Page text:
Oireachtas Joint and Select Committees
Thursday, 12 November 2015
Public Accounts Committee
Business of Committee.
Something significant happened after our meeting last week. During that meeting with the officials from the Department of Justice and Equality, the debate strayed into the issue of burglary.
When the witnesses were being questioned, one of the senior officials in the Department of Justice and Equality made a comment that in their opinion judges were not taking burglaries seriously enough. It has transpired that some pressure was put on that official to apologise for that remark. That is quite significant. Our system of Government is not exactly like the US system in that we do have a separation of powers. Our Executive and our Legislature is rolled into one, and then we have the Judiciary. I do not believe that it is out of bounds for one arm of the State to criticise another arm of the State if it is a genuinely held belief which is based on policy. When I read the Criminal Justice (Burglary of Dwellings) Bill 2015, which is currently passing through the Oireachtas, it is clear that the Department of Justice and Equality felt it was necessary to restrict judges' ability to give bail in some circumstances. That is the essence of that piece of proposed legislation. When one reads the Bill it is clear that there is a view within the Department of Justice and Equality that some judges are not taking the issue of burglaries seriously. This is why the Bill was drafted. I believe that a Judiciary which does not hold back in criticising the Legislature or the Executive has no right to expect to be above general criticism. I do not think there is any bar within the Constitution on a senior official in the Department of Justice and Equality giving the kind of opinion that was given in this committee last week. The matter needs to be looked at and the question asked: why was the official forced to write an apology to the President of the District Court? What occurred at this committee last week, and after the fact, was very significant. I will not say it was a seminal moment with regard to the separation of powers in the State, but I have never come across an incident like this in which an apology was demanded by one arm of the State from another. This is a parliamentary committee and the official in question is a very senior official within the Department of Justice and Equality. His view would be agreed with by the vast majority of citizens and might even be agreed with by some members of the Judiciary. It is reasonable to ask who forced the official to write that apology. This incident should not be allowed to pass. There are checks and balances within the Constitution. I do not believe the official in question crossed the line, and that should be pointed out by this committee.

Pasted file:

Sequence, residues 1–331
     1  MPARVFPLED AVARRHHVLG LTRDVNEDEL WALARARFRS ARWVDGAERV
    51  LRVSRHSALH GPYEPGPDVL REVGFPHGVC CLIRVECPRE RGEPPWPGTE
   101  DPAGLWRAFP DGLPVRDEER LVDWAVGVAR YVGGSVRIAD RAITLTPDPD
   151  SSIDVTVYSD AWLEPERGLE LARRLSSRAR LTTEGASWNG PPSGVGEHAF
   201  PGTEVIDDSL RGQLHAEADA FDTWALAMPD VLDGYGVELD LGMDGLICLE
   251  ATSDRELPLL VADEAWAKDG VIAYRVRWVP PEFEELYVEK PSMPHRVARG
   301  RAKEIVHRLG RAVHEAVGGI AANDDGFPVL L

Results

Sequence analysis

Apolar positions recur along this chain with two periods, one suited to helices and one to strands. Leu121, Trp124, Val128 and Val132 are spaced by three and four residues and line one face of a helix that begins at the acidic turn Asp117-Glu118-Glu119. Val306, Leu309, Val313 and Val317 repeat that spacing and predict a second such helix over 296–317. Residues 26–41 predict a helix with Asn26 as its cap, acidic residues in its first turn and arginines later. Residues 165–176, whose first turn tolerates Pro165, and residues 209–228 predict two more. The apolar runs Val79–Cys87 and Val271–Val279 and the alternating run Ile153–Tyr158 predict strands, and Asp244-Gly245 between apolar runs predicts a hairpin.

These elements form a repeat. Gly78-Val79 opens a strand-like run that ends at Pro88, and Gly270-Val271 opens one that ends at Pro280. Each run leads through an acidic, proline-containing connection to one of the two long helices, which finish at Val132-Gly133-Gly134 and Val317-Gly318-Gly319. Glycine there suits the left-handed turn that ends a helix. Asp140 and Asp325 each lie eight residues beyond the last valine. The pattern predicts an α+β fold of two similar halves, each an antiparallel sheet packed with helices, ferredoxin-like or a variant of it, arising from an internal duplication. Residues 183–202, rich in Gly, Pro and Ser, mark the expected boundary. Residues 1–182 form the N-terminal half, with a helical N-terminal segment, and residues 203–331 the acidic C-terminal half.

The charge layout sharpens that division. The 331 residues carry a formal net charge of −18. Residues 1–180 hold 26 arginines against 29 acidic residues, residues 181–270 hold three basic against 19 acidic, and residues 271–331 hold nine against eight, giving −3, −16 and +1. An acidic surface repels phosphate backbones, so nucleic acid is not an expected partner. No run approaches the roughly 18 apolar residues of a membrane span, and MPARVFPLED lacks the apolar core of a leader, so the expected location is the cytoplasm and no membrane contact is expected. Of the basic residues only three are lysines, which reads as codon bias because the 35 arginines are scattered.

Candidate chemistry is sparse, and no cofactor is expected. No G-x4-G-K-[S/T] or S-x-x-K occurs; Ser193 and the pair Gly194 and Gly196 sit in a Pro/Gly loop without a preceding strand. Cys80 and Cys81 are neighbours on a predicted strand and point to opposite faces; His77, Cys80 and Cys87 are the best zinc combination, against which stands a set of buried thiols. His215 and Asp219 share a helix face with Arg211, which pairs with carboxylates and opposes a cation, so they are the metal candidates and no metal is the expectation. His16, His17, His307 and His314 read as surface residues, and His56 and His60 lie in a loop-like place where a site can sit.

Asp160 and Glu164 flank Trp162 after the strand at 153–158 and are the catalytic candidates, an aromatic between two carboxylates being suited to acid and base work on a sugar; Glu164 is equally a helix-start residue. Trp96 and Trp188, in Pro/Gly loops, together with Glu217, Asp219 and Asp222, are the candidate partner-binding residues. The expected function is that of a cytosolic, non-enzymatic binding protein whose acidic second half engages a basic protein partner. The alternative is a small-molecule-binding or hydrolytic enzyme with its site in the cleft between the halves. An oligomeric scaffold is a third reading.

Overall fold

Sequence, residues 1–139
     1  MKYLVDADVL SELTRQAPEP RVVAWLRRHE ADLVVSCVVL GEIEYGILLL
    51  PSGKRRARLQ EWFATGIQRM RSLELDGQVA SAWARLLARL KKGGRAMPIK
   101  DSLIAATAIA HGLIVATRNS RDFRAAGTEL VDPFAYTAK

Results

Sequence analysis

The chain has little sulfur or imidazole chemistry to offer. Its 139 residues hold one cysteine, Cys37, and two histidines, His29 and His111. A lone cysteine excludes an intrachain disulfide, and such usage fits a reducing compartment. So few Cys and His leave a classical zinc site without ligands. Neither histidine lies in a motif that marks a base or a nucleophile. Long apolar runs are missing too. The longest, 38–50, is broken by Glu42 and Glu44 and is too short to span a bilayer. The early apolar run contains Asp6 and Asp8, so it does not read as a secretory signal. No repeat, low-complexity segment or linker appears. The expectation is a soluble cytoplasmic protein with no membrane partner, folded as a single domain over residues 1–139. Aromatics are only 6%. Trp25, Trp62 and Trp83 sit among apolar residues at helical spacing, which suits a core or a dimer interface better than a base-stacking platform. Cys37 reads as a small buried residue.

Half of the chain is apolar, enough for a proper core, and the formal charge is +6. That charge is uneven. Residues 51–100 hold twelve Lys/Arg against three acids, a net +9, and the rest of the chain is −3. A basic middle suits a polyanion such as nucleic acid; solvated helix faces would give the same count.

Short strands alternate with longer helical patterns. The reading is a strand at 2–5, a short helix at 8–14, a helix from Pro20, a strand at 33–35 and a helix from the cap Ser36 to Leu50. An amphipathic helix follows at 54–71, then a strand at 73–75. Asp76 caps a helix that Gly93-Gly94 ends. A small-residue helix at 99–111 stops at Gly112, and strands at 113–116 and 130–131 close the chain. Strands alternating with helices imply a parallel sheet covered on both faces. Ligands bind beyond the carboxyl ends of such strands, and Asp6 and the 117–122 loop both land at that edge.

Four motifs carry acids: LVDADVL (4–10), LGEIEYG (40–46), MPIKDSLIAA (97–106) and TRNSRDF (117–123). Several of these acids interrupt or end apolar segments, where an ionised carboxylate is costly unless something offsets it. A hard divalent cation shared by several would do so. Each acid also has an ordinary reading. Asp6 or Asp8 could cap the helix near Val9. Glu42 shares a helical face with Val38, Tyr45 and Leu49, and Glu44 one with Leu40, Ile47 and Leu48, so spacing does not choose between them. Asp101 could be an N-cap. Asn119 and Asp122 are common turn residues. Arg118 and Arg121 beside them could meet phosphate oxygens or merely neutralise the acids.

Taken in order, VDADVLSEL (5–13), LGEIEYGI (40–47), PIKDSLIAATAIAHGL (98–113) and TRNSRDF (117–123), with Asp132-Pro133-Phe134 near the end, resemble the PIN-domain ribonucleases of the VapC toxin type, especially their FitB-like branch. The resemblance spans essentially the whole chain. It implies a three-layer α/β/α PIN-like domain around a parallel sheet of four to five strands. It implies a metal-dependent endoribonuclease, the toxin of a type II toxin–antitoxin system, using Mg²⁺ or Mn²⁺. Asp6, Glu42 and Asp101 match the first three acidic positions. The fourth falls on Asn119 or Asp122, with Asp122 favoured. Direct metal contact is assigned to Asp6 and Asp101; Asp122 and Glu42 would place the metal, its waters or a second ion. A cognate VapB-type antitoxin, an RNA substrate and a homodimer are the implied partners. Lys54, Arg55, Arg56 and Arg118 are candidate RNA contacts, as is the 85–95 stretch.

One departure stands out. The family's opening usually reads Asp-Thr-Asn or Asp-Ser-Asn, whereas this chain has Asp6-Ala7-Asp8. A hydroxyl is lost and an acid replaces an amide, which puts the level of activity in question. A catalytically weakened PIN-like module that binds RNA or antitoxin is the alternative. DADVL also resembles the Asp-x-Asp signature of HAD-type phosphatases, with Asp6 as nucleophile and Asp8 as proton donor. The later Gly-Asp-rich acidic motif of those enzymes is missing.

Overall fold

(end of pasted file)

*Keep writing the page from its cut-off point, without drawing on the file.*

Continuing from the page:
I propose that the Department of Justice and Equality explain to this committee why the official in question was forced to apologise in writing to the President of the District Court. The official gave an honestly held opinion which is backed up by the legislation now going through Parliament. The pressure put on the official to write the apology was uncalled for. I believe the official was correct to express the view he expressed last week to this committee, and that right should be defended by the Oireachtas.
I believe that Deputy Deasy's point is important but I am not sure that what actually did transpire is quite as clear as that. Rather than suggesting that there was interference at any level, a better approach might be to seek clarification on the remarks made in this committee and clarification on the statement that subsequently emanated from the Department.
I understand that what Deputy Deasy is doing now is expressing his opinion. In writing to the Department, we can put it in such a way as to seek the clarification that is needed. Thereafter, when it comes back to this committee, it could be dealt with in a more substantial manner.